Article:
Modern memory allocation algorithms generally segregate free space in variously sized buckets. The smallest bucket is generally the size of a pointer, or perhaps twice the size of a pointer. This is generally 4 bytes on a 32-bit machine, so at the very least, the pointer will always point to an address aligned on a 4-byte boundary.

However, most pointers are byte-addressable, meaning they can point to addresses that are aligned on a single byte boundary. This means that the lowest two bits of a pointer are generally wasted space, since they will always be 0. So let's use that wasted space for something!

Let's say we use the lowest bit to differentiate between pointers and integers on the stack and in data structures. This means an int will no longer be 32-bits, but 31-bits, with 1 bit going to this flag. If the lowest bit is 0, it's an int, and if the low order bit is 1, it's a pointer. This means we can scan a stack frame or a data structure one word at a time and easily distinguish integers from pointers by just checking the lowest bit.

So now we can have fully unboxed integers, which saves a lot of time and space in programs since we no longer need to allocate them on the heap. Anything larger than a word must still be heap-allocated.

Field offset calculations now require us to omit the lowest bit, which involves subtracting 1 from any offset. Since most offsets are statically known, this costs nothing at runtime.

There is one remaining problem with the above representation, namely, we still don't know the size of a structure! When the GC traverses a structure, it will iterate right off of the end since it doesn't know when to stop.

The paper I linked to above places the size in a header word present in every structure. This header word is split into multiple fields. On a 32-bit machine, the lowest 22 bits are used for the size of the structure in words, the next two bits are used by the garbage collector (typically a mark-sweep), and the last 8 bits are used for the constructor tag, ie. Nil or Cons. The constructor tag is typically present in every data structure, but using a whole word for it is somewhat wasteful, so this more compact representation is quite useful.

This representation may also permit some interesting optimizations. Since word-sized values are unboxed, all heap allocated structures will be at least 8-bytes in size, consisting of the header word followed by a number of data words (a commenter pointed out that this doesn't necessarily imply 8-byte alignment however; while true, as mentioned above allocators segregate memory into variously sized buckets, and so we need to simply ensure that these buckets are multiples of 8-bytes). This means the third lowest order bit is also unused, giving us two free bits in every pointer.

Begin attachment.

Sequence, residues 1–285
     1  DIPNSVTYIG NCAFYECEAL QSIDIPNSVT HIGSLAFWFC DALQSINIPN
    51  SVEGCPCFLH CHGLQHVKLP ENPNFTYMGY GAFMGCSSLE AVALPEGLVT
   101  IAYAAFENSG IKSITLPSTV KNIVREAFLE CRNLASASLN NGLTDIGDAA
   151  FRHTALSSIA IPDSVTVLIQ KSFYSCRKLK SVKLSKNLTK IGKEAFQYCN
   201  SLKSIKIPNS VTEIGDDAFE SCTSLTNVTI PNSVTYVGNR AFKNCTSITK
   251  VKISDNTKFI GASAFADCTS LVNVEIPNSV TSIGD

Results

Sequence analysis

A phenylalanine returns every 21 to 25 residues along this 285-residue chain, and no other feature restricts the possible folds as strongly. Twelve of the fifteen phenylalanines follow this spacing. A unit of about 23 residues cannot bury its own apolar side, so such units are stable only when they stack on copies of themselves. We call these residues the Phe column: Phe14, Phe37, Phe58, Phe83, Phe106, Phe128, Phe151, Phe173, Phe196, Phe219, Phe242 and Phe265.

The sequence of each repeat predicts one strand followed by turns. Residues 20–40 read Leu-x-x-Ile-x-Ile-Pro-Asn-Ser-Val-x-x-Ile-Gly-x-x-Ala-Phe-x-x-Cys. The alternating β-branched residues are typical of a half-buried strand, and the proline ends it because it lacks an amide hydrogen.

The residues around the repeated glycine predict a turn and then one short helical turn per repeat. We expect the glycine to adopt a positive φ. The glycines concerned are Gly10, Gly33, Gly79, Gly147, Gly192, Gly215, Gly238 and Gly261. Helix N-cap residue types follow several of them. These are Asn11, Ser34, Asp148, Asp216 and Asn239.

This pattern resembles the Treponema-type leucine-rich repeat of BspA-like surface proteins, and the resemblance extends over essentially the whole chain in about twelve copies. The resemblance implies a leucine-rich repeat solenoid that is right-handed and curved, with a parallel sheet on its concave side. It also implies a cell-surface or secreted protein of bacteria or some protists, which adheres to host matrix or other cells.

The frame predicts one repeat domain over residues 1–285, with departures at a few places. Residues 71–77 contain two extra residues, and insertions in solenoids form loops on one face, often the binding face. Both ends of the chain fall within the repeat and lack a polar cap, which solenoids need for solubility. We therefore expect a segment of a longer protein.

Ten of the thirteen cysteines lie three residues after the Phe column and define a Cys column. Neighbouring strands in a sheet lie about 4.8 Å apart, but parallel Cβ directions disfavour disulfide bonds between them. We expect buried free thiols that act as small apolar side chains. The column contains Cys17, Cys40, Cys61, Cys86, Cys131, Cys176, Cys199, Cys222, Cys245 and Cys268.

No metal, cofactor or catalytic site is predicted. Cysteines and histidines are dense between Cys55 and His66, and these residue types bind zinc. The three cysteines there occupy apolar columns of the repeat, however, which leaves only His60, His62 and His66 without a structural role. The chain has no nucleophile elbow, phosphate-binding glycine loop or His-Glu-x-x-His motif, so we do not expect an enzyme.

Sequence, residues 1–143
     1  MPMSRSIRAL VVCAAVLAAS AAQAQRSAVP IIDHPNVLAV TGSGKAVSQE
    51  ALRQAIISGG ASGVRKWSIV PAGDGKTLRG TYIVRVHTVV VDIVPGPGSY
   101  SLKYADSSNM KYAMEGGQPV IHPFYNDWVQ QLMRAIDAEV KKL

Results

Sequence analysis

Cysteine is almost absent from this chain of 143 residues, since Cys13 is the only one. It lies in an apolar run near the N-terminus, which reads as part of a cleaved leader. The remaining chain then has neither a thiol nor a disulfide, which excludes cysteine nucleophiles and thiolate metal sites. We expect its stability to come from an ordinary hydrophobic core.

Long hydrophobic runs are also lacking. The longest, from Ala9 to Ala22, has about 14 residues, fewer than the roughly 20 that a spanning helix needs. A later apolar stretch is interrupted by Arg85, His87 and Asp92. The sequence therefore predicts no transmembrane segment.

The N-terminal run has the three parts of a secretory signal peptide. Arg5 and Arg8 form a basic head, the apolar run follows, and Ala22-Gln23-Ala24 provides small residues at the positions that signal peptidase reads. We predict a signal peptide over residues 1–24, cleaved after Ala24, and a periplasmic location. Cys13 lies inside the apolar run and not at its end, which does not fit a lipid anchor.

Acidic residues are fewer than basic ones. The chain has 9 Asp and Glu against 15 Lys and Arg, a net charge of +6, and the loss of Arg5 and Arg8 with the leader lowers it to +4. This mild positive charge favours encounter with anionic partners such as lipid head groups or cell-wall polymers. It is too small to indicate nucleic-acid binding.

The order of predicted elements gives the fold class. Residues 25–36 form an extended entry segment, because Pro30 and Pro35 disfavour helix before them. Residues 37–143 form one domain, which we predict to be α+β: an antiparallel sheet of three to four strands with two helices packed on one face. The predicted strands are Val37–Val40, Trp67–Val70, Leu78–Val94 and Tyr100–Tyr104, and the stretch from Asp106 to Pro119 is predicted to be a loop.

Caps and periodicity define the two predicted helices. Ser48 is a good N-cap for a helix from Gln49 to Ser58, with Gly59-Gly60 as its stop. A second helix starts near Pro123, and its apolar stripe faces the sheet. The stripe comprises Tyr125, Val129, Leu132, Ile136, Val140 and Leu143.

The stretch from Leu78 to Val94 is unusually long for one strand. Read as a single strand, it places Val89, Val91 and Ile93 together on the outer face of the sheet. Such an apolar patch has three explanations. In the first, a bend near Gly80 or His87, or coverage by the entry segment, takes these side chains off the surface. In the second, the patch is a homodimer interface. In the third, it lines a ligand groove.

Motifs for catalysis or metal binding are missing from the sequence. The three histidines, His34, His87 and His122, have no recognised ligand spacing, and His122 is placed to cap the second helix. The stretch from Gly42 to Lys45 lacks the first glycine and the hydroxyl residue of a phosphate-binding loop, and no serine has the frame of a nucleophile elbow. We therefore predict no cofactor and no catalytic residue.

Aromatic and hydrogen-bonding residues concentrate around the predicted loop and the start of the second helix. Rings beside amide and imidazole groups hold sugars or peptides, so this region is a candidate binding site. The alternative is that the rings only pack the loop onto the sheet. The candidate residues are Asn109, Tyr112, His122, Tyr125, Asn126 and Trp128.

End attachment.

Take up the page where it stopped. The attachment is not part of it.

Consider the following type declaration:
type 'a Foo = Foo1 | Foo2 of int | Foo3 of 'a | Foo4 of 'a * 'a
Since Foo1 does not contain any embedded values or pointers, we don't need a pointer for it at all and it can just be represented by a simple unboxed integer.

Foo2 contains an integer, so we must allocate a heap structure to contain this case.

Foo3 and Foo4 are the interesting cases. 'a is a polymorphic value, and if instantiated with a pointer type, we don't need to allocate a heap structure for it. Basically, we can use the two free bits to encode up to 3 constructors for such values, and remove a level of indirection. Pattern matching on such structures is broken down into 3 cases:
  1. If it's an int, then it's one of the empty constructors.

  2. If it's a pointer, and the second and third lowest order bits are clear, extract the constructor tag from the header, and the value is just after the header.

  3. Else, extract the constructor tag from the pointer, and the pointer is a pointer to the value.
However, to maintain separate compilation, we cannot assume that 'a is a pointer type, as it could be an int. Therefore only Foo4 can benefit from this inlining optimization in this particular case.

Coming back to the question of identifying structure sizes, an alternative representation which I have not seen described anywhere, is to use the unused third lowest bit as a mark bit to terminate GC scanning, and use the second lowest bit to distinguish structures with nested pointers, and those that are pointer-free.